I don’t usually cook. Instead I program.
That might not make much sense to you, but to me it makes perfect sense. The sort of experimentation, iteration, trying different things out, the energy it takes to learn how to cook a good meal, I generally put into creating software.
But recently I’ve become a bit obsessed with perfecting a particular recipe. I’ve been trying variants on it, spending time in my kichen changing proportions and cooking times, adding and taking away ingredients, varying the order of things.
I recognize this as the same process I use for developing software. Some of that process consists of building tools, support code if you will, and some of it consists essentially of creating a space of parameters, and then tuning those parameters until they are just right.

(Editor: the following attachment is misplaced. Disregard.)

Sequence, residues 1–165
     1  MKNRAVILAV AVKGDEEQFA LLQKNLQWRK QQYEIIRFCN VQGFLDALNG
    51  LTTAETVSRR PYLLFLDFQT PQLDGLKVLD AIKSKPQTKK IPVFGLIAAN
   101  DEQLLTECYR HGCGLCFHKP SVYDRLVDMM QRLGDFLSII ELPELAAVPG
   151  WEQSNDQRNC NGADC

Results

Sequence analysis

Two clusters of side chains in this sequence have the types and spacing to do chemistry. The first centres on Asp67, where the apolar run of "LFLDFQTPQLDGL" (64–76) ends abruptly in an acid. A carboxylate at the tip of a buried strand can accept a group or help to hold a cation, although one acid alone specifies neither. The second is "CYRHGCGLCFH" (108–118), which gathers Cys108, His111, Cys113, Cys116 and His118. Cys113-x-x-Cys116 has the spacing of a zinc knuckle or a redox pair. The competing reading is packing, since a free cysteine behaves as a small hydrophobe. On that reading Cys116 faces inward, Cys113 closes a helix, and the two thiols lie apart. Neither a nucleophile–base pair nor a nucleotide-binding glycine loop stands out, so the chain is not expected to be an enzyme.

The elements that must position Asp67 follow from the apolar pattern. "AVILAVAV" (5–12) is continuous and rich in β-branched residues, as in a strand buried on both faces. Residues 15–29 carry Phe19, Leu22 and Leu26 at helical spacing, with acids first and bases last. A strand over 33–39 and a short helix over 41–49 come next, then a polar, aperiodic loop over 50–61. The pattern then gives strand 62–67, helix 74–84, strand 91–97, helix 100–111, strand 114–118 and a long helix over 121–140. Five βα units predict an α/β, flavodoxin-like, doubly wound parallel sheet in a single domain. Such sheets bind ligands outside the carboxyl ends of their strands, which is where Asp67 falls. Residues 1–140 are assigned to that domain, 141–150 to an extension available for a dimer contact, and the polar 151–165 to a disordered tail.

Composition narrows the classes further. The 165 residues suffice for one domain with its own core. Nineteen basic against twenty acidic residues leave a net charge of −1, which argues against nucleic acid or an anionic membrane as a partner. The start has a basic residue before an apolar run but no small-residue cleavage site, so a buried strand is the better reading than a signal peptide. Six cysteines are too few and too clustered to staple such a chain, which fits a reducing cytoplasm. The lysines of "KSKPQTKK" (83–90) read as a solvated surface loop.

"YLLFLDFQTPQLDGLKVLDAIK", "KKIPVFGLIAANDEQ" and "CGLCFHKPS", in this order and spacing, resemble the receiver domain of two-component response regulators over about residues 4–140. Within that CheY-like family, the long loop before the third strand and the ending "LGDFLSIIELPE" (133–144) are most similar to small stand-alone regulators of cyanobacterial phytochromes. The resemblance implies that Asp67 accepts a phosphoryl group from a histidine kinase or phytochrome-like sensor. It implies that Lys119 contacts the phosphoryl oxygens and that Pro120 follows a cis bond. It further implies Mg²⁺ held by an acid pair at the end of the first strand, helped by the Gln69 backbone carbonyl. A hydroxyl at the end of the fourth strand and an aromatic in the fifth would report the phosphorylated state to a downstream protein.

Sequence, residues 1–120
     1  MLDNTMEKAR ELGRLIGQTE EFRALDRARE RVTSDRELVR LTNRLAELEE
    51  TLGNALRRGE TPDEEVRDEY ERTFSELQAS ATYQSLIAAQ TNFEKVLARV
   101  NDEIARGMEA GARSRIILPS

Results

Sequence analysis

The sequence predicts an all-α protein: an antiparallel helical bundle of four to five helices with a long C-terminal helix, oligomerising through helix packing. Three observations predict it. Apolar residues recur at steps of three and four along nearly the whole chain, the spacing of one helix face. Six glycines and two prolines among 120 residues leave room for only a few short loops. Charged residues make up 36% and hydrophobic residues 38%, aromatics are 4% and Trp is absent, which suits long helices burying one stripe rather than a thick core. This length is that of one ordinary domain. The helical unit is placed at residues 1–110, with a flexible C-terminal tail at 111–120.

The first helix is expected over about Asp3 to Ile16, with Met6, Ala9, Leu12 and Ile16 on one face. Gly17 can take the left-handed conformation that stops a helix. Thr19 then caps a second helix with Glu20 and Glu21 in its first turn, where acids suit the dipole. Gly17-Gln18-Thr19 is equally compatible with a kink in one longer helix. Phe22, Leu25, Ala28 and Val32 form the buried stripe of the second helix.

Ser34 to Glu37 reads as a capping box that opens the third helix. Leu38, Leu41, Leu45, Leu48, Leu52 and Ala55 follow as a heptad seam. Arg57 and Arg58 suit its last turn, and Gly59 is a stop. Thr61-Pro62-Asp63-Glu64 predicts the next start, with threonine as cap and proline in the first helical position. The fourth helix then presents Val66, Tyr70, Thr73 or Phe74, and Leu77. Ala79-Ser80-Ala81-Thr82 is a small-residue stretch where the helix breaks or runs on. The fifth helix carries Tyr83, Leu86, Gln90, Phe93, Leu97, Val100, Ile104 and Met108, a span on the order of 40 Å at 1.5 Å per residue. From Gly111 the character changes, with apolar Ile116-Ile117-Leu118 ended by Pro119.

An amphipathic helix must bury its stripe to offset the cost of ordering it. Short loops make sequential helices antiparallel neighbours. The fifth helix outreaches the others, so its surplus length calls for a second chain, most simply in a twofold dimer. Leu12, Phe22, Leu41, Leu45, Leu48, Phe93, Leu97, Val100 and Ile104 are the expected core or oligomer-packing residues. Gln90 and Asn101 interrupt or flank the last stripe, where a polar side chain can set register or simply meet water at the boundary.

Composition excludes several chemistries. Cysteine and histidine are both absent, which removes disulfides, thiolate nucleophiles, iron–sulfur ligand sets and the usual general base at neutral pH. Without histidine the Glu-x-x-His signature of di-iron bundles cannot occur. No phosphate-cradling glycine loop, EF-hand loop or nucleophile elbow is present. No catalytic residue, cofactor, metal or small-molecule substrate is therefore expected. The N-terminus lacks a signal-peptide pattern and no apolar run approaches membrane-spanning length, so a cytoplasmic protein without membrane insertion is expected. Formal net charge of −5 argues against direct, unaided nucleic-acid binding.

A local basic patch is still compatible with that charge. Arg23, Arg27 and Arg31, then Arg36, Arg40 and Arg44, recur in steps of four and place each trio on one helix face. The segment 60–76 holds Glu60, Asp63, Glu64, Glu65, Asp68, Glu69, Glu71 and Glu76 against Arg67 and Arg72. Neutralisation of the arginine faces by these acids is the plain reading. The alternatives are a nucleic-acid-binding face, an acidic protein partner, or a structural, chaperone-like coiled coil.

Of course there is an essential difference in the nature of the code / test iteration cycle. When I am working on a computer graphics project, I can conduct dozens of experiments in an hour. Cooking doesn’t quite work that way, because it involves a different set of senses.
After all, my eyes can take in a vast number of different images in the course of a day. But during that same day, my stomach will only let me eat so many meals.
Alas, there is no Moore’s Law for food. Unlike computer graphics, cooking is hardware limited.